Cubical Curtain Cleaning: How Often is Often Enough?
According to the American Society for Healthcare Environmental Services of the American Hospital Association, privacy curtains should be cleaned any time there is visible dust or soil and as a part of the terminal cleaning process whenever an area has been occupied by a patient who has been on contact or droplet precautions.1, 2 To prevent cross contamination, the privacy curtains should be taken down immediately after an area has been occupied by a patient who has been on isolation precautions, and clean curtains should be hung before the next patient occupies the area. Conversely, freshly laundered privacy curtains should be hung immediately before an immunosuppressed patient will be occupying the area.
If the curtains are made from a nonporous material (eg, plastic), the edges are high-touch areas and should be included in the daily disinfecting/cleaning procedure.1 If the curtains are fabric and there is no visible dust or soil, some of the following considerations should be taken into account for determining the frequency of cleaning: volume of surgical procedures performed per month, types of procedures performed in the facility, patient population, traffic in the area, and the number of visitors.
Privacy curtains should be removed and sent out to a commercial laundry to ensure they are disinfected and free of vegetative pathogens (ie, hygienically clean). According to the Centers for Disease Control and Prevention guidelines, “Laundering cycles consist of flush, main wash, bleaching, rinsing, and souring… . The antimicrobial action of the laundering process results from a combination of mechanical, thermal, and chemical factors.”2(p100-101) Adding a mild acid to the final rinse cycle is known as “souring” and results in a rapid shift in the pH from an alkaline level to an acidic level that further inactivates some microorganisms.2
The guidelines also state that large-surface cleaning methods that produce mists or aerosol or disperse dust in patient-care areas should be avoided.2 It is not appropriate to steam the curtains and leave them hanging because of the probability of aerosolization and dispersion of dust and the risk of burns to the personnel using the steamer. There also is a risk for inconsistency because the heat from the steam may not reach all areas of the curtain and may not provide enough heat to destroy microorganisms. Steam cleaning would not include the recommended bleaching and rinse cycles.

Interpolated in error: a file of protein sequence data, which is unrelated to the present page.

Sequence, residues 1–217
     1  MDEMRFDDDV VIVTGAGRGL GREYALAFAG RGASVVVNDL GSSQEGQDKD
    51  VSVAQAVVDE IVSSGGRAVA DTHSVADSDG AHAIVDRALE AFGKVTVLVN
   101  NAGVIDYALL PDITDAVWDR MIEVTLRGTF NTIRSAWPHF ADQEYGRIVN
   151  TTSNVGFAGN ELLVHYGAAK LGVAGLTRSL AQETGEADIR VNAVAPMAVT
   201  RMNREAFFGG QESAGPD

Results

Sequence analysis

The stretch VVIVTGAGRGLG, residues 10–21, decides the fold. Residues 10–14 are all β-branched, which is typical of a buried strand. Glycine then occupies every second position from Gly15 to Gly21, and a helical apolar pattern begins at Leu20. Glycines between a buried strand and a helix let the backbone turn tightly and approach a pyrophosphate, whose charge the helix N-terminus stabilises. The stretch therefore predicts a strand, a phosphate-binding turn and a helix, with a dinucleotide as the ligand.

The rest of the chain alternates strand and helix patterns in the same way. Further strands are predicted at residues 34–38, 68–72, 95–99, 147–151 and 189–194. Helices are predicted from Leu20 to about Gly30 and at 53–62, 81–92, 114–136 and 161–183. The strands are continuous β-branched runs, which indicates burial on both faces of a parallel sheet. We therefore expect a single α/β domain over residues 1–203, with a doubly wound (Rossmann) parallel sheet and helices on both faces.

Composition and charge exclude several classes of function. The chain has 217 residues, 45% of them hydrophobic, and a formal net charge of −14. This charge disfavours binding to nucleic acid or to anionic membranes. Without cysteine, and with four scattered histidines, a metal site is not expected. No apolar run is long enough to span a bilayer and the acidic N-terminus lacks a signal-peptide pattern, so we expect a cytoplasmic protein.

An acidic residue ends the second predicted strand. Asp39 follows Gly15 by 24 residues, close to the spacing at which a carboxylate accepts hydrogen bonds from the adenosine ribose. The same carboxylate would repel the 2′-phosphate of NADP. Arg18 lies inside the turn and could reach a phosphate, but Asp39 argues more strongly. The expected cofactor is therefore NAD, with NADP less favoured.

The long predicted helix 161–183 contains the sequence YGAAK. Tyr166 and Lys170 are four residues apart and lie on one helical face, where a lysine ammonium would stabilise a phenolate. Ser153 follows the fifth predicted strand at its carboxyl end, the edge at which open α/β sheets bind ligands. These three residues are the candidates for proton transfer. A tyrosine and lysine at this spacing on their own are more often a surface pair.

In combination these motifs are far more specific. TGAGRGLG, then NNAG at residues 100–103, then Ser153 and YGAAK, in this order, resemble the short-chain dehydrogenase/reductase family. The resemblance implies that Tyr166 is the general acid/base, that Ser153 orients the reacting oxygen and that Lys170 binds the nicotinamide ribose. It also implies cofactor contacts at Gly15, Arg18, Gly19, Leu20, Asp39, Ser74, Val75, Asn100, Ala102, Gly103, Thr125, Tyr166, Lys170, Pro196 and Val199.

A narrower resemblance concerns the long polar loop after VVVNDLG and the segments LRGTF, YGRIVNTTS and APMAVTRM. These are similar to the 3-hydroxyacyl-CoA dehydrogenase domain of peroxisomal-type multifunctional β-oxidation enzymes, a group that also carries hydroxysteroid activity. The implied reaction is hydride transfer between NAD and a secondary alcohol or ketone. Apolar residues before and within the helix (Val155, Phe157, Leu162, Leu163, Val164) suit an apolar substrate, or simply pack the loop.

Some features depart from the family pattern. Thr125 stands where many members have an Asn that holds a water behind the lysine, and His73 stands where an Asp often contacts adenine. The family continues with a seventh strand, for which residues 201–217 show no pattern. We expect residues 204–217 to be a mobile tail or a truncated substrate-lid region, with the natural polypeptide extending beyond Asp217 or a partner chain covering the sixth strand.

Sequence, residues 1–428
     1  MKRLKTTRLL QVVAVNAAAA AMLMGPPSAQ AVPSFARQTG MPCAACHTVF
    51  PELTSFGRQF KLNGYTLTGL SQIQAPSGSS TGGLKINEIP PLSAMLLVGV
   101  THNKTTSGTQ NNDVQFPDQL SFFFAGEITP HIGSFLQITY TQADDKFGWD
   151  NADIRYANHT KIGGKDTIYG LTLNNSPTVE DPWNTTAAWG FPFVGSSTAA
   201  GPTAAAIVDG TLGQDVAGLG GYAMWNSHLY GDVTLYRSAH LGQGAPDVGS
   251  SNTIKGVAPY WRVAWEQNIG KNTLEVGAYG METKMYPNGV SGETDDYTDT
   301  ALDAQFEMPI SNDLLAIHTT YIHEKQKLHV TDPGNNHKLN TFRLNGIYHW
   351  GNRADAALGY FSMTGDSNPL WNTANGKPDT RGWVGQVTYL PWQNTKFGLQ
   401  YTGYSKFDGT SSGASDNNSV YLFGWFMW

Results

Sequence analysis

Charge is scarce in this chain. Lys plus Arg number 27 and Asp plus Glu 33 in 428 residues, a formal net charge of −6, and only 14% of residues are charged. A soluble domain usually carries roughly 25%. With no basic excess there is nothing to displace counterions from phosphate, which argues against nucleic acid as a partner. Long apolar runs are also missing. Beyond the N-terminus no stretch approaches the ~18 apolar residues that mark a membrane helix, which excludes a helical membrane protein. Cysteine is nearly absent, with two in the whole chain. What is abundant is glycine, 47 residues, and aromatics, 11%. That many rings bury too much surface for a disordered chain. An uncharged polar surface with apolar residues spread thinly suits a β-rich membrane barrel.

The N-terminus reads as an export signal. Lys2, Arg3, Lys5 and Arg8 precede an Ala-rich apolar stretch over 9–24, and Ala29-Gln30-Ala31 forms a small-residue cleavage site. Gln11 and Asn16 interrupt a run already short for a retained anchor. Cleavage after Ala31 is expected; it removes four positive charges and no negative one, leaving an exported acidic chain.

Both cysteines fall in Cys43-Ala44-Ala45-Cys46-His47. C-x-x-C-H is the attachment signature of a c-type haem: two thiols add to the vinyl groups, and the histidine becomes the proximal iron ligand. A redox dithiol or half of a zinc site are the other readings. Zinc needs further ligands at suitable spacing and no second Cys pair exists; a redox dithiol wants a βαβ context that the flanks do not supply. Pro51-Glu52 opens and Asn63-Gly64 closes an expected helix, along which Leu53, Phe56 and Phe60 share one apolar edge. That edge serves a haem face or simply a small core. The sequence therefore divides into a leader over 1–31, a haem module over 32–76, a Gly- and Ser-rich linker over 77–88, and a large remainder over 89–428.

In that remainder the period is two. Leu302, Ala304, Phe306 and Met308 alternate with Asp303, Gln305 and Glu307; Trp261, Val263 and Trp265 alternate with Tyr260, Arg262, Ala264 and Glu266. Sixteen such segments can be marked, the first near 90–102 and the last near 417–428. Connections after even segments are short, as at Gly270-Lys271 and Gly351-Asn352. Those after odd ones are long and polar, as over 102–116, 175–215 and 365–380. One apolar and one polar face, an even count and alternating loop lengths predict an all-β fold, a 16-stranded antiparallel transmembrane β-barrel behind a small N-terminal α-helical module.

When purchasing privacy curtains and developing cleaning policies, perioperative managers should be aware of the manufacturer's recommendations for cleaning. State regulations or accrediting standards may dictate procedures for laundering and cleaning cycles. Knowing the fabric content of the privacy curtains is important to determine the method for cleaning. For example, dry cleaning is not considered to be effective in reducing the numbers of bacteria and viruses on contaminated fabric surfaces.2 Fabric content also is important because of the tendencies of microorganisms to bind with certain fabrics more than others. One study indicates that S aureusand Pseudomonas aeruginosa can bind to acrylic, polyester, and wool at very high ratios.3 Other studies have shown that staphylococci, enterococci, and fungus can survive on fabric for days or weeks and have a tendency to survive longer on polyester than on cotton.4, 5 A sufficient inventory of privacy curtains should be purchased to allow immediate replacement when necessary.
by Bonnie G. Denholm
MS, BSN, RN, CNOR
Perioperative Nursing Specialist
AORN Center for Nursing Practice
1. FAQ section: how often should privacy curtains be cleaned?. American Society for Healthcare Environmental
Services of the American Hospital Association
http://www.ashes.org/ashes_app/learn/in_focus/faqs/privacy_curtains_1.jsp Accessed November 11, 2010
Recommendations of CDC and the Healthcare Infection Control Practices Advisory Committee (HICPAC).
Guidelines for Environmental Infection Control in Health-Care Facilities:Chicago IL: American Society for Healthcare Engineering/American Hospital Association;
2004; http://cdc.gov/ncidod/dhqp/pdf/guidelines/Enviro_guide_03.pdf Accessed January 7, 2011
materials. . Distinctive bacteria-binding property of cloth Am J Infect Control. 2004;32(1):27–30
4. . Survival of some medically important fungi on hospital fabrics and plastics. J Clin Microbiol.
5. . Survival of enterococci and staphylococci on hospital fabrics and plastic. J Clin Microbiol.